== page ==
Who holds the center in Europe?

Marine Le Pen, French far-right leader and French far-right National Rally (Rassemblement National - RN) party candidate in the upcoming parliamentary elections, surrounded by journalists, distributes leaflets as she campaigns with Henin-Beaumont mayor Steeve Briois and local RN politician Bruno Bilde at a market in Henin-Beaumont, northern France, June 14, 2024. [Sarah Meyssonnier/Reuters]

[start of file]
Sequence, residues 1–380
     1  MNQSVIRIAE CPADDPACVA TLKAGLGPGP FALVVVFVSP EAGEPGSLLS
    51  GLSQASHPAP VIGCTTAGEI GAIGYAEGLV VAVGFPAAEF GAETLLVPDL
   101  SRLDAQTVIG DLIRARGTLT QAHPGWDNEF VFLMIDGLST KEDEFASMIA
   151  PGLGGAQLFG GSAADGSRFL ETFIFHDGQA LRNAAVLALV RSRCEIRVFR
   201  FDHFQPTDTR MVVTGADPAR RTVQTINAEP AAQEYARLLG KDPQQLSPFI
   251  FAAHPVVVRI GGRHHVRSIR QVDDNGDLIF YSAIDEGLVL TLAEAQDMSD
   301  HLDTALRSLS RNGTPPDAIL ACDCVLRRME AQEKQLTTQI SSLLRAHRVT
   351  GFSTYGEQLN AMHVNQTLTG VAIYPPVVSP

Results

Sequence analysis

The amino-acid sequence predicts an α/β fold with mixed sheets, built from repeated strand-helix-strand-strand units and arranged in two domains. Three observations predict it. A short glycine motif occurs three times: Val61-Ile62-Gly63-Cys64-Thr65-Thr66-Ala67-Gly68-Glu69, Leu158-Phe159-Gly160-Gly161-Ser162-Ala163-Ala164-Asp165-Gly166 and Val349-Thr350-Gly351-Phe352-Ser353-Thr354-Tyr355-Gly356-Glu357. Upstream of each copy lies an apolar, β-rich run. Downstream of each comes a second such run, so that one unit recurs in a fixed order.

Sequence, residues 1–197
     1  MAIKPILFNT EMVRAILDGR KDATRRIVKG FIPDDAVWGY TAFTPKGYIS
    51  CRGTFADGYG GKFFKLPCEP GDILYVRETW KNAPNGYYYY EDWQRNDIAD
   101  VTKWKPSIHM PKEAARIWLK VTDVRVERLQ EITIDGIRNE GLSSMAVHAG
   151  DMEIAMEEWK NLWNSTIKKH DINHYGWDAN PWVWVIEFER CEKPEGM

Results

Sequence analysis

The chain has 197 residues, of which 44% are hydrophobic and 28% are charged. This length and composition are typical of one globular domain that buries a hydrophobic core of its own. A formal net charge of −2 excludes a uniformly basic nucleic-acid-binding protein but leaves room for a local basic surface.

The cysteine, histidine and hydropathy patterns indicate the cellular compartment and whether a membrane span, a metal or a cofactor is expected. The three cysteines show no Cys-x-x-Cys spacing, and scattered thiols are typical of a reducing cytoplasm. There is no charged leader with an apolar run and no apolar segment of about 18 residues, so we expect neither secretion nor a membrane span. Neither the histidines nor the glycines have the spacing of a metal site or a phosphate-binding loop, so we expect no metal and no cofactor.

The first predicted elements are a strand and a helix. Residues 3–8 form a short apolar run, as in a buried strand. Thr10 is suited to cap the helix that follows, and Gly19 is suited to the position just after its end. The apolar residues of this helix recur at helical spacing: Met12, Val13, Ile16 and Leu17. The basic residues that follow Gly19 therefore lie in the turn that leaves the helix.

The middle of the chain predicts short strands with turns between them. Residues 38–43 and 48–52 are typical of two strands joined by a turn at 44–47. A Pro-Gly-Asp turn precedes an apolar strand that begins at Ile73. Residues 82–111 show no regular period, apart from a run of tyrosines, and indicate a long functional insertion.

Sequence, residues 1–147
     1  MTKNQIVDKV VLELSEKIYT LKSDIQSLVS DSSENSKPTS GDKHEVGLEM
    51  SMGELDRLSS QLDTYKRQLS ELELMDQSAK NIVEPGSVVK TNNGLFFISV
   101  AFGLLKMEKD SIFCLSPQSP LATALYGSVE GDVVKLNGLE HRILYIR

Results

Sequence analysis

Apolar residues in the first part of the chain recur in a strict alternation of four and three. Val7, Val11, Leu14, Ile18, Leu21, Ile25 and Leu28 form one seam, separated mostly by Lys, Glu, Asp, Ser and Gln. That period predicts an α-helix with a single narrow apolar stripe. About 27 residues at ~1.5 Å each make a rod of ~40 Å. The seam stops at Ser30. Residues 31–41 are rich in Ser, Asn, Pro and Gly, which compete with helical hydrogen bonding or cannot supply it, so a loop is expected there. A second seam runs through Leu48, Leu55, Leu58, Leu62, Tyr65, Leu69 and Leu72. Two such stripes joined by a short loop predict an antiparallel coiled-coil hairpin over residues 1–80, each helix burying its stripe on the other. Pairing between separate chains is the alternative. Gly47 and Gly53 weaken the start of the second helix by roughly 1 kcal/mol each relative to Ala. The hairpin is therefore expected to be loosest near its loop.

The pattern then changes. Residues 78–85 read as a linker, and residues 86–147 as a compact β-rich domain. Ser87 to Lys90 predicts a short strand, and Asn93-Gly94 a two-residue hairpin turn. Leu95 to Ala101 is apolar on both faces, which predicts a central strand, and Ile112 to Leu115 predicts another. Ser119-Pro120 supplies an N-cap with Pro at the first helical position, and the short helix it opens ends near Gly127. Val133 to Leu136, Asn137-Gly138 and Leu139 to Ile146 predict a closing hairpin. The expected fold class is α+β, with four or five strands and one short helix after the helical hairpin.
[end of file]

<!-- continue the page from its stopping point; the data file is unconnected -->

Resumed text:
"The center held!" Ursula von der Leyen declared with relief on the night of the European Parliament elections. Indeed, the European People's Party, the Socialists and Democrats, Renew Europe, and other centrist groups, maintained their majority in the EP. Far-right parties - scattered among different parliamentary groupings - made some gains on their 2019 results, for a grand total of about 25 percent of seats. However, their influence is disproportionately large, as, in some countries which play a leading role in shaping EU policy, centrist parties suffered a serious blow. In France, the first-place finish of Marine Le Pen's extreme-right National Rally prompted President Emmanuel Macron to call snap parliamentary elections for June 30. In Germany, the extreme-right Alternative for Germany (AfD) came second, gaining more votes than the three parties in Olaf Scholz's coalition...

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